In the 1890s, in, the nondescript Village of Raynaude, Father Antoine Rousse faced a serious problem. In fact, for a Catholic priest, it was a matter of some urgency. His church and presbytery were in such a state of disrepair that he could not conduct mass. As a result, the catholic children of the village were forced to attend a nearby Protestant school. This enraged the young priest, who set out on a quest to renovate and rebuild the entire complex.
The ancient church of Notre Dame de Raynaude dates from the 12th century. Restoration on it and the surrounding monistic structures began in 1862, but the work was quickly derailed when funds were unexpectedly depleted. But then, as legend would have us believe, the dejected priest was the recipient of some amazing good fortune.
In 1892, less than a year after Bérenger Saunière wrote ‘Discovered a tomb. At night it rained’ in his diary in Rennes-le-Château, the famed American oil tycoon, industrialist and philanthropist John D. Rockefeller visited the region. Or so the story goes. As incredible as it sounds, Rockefeller had evidently learned of the plight of, Abbé Rousse and his failed restoration and was sympathetic to the priest’s cause. A significant donation was provided post haste and the restorations were quickly underway.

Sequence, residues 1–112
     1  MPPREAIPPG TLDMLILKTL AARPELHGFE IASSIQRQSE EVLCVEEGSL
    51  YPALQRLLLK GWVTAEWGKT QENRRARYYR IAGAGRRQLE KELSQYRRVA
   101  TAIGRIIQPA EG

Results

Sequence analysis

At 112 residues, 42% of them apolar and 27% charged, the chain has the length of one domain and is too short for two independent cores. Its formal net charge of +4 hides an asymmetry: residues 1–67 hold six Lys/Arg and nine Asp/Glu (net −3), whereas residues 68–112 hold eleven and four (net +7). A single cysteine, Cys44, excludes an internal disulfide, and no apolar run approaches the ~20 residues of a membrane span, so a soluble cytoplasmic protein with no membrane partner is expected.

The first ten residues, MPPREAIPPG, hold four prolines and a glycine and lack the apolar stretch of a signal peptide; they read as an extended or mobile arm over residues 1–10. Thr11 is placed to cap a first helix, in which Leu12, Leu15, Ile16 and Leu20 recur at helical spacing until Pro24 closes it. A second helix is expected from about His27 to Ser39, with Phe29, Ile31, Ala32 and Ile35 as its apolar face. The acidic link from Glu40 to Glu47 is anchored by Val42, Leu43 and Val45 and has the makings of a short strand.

The work was completed by 1895 and commemorated in an inaugural celebration presided over by one, Monseigneur Rougerie. The church is dedicated to the Virgin Mary, Saint Joseph and Sainte Anne; inspired by the 1858 apparitions of the Virgin Mary in Lourdes.
With the restoration now complete, the church had essentially been repositioned lower in the landscape than its ancient predecessor. However the hill behind the church would not stay empty for long. If we turn the clock ahead 50 years, Father Louis de Coma’s Carol estate was about to be dynamited by authority of the Bishop. With forewarning of this event, local clergy managed to save Father Louis de Coma’s beloved Stations of the Cross and relocate them to Notre Dame de Raynaude, on the hill immediately behind the modern day church. The Stations of the Cross, which remain in situ today, are sensational. Each is housed in a protective chapel.